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Everybody's Oma

  • Film
  • 3 out of 5 stars
Film still from Everybody's Oma shows man joking around with his oma with a pop-up book
Photograph: Supplied/SFF
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Time Out says

3 out of 5 stars

This bittersweet doco is an intimate look behind a social media sensation and a beloved matriarch's descent into dementia

Dementia is a cruel and relentless beast that troubles the door of far too many families. When it first sunk its icy claws into the mind of Sydney-based filmmaker Jason van Genderen’s Dutch mother Hendrika, known affectionately as Oma (grandmother), he leant on his documentary skills as a crutch. Capturing cute videos of them out and about together, he reasons that he can at least try to preserve the precious memories being silently stripped away from her. It's a response that also brought him and his young family some comfort when his late father, Oma's loving husband, was diagnosed and eventually stolen away by terminal cancer.

Bowing at the Sydney Film Festival, the heart-tugging documentary Everybody’s Oma follows this attempt at building a living, breathing time capsule. But this wasn't just a repository for the van Genderens. Jason also wanted to offer some sense of shared hope and solidarity with the many families all around the globe facing a similar situation. That’s why he began sharing some of these sweet videos of happy family moments on social media.

They exploded in popularity during lockdown. One video in particular, in which the family recreate the shelves of supermarket chain Coles on the kitchen countertop at home so Oma can cling to the comfort of routine, captured imaginations online. Messages of support flooded in from folks from all corners of the globe, along with messages thanking them for the small mercy of their own trials being seen and understood. Local news stations jumped on the emerging viral sensation, and pretty soon the story was winging its way to broadcasters all over, including popping up on Good Morning America and James Corden's late-night talk show.

Bittersweet viewing, particularly for anyone who has dealt with ailing relatives, Everybody’s Oma clearly traces inventive joy giving way to the ever-growing weight of extreme stress as things slowly but surely, and then much more quickly, worsen.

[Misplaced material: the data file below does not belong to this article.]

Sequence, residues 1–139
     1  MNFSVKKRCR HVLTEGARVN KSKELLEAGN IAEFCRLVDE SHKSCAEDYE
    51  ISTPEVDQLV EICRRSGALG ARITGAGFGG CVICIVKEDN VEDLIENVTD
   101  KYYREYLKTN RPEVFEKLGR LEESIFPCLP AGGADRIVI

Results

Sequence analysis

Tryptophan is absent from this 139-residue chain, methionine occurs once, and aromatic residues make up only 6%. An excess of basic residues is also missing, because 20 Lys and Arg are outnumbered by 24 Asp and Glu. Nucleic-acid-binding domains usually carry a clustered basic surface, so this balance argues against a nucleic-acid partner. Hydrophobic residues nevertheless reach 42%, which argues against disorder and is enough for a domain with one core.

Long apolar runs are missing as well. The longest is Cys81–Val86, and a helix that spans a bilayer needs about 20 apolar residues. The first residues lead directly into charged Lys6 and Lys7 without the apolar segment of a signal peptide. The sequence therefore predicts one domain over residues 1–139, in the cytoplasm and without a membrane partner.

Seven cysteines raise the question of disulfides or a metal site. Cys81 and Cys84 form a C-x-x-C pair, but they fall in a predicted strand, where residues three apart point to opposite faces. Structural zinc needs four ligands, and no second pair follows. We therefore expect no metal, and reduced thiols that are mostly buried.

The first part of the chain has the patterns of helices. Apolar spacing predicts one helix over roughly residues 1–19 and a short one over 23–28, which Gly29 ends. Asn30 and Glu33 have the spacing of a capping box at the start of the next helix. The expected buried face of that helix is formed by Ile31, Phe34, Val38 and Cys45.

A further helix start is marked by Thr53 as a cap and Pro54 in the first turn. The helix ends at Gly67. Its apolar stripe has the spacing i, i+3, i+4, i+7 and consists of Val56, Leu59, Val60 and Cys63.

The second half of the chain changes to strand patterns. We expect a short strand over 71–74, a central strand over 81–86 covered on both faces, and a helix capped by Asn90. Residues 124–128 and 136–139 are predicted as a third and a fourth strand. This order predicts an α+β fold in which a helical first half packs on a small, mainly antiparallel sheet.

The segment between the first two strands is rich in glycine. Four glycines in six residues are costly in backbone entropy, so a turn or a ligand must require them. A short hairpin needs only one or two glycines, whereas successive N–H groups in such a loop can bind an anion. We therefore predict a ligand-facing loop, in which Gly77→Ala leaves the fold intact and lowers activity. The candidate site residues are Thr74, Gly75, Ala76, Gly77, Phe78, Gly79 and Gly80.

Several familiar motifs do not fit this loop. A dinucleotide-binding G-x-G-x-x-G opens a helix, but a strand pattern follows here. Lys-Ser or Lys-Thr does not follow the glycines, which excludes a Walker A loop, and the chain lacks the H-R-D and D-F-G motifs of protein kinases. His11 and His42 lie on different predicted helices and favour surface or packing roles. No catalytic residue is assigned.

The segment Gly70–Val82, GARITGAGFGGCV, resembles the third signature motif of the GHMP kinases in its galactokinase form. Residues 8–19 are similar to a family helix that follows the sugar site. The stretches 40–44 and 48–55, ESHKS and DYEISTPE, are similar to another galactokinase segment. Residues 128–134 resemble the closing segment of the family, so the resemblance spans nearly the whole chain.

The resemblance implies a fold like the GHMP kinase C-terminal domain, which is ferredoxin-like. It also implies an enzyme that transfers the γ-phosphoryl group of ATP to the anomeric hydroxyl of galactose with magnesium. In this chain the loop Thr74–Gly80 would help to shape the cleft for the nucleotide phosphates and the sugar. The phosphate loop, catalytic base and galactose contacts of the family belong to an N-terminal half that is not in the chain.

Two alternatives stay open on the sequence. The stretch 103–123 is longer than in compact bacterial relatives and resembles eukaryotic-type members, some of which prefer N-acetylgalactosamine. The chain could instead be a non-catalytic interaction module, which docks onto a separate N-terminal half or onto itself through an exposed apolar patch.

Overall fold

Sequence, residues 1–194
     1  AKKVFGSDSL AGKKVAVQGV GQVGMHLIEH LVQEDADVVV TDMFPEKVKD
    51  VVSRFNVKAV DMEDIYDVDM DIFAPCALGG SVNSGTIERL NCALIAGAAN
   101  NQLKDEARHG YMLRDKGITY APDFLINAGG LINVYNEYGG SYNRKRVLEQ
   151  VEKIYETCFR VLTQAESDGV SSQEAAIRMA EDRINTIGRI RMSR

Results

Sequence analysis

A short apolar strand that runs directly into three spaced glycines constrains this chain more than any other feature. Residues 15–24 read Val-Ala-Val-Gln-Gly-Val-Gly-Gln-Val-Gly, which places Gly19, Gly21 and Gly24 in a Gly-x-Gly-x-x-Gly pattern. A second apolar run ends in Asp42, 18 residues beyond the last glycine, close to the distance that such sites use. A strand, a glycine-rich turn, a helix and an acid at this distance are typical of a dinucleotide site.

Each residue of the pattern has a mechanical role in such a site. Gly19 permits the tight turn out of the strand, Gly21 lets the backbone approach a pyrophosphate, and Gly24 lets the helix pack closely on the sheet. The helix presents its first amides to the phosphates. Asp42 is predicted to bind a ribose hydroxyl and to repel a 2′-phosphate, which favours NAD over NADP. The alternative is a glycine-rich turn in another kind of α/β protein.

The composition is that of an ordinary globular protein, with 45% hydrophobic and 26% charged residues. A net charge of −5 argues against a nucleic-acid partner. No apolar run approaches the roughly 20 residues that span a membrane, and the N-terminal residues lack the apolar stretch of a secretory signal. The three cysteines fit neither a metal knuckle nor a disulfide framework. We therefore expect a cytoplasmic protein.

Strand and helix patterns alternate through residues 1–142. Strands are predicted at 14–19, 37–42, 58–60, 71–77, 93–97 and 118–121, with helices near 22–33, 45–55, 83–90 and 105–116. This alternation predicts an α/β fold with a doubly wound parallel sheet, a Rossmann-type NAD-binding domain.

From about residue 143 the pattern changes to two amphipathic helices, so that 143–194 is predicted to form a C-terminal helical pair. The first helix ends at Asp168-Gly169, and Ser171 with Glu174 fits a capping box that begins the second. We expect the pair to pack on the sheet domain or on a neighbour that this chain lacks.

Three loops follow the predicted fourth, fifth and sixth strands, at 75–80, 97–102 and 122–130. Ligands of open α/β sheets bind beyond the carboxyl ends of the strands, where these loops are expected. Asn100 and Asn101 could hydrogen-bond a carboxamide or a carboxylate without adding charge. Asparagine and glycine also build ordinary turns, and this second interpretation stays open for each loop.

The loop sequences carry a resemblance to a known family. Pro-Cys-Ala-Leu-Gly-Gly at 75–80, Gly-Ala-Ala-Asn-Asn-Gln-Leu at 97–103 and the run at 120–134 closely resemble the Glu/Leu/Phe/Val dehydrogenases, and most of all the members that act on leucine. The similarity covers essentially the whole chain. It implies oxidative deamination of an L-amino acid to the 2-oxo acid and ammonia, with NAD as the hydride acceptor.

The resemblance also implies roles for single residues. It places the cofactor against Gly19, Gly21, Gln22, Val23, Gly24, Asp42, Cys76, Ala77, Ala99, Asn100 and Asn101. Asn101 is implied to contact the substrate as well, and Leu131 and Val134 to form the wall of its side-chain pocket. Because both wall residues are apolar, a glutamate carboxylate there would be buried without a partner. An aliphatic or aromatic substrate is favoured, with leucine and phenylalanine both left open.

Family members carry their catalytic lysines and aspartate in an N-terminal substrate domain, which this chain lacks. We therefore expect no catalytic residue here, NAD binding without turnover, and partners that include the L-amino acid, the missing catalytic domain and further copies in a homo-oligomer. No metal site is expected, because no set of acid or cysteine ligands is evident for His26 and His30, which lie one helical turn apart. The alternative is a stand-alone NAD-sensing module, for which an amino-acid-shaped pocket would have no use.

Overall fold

Even those touching video moments conceal a sting in the tail. When Jason hits on a fabulous way to bring Oma's beloved Sydney Aquarium to their home by projecting digital art depicting a school of swirling fish onto the blinds of windows overlooking their garden. It's magical, but when the family comes together for breakfast the next morning, Oma has no memory at all of the beautiful gesture. And when they’re subsequently invited on a private tour of the actual aquarium, things take a shocking turn for the worst.

The strain that caring for Oma places on the van Genderens becomes increasingly visible on their drawn faces. Wanting to return the favour and care for your parents in their old age as they once did for you as a young child is a noble idea on paper. But the reality of catering to often complex and rapidly deteriorating health requirements can render it swiftly impossible.   

Simple moments devastate, like when van Genderen checks in on his mum via video cameras set up in her part of the home only to see her talking to the photo of her late husband. As her confusion worsens, Everybody’s Oma makes for increasingly difficult viewing. While the film could have gone a little deeper on the interesting moral debate thrown up over the ethics of documenting a life in decline, and a brief insight into just how quickly ‘fans’ on social media can take a turn for the nasty, it is perhaps fitting that the focus is kept tight on Oma.

Ultimately it's a tribute to a woman well-loved, and to the family who will never forget her, even if they slip slowly away from her mind.

Everybody's Oma screened at the 69th Sydney Film Festival.

Written by
Stephen A Russell
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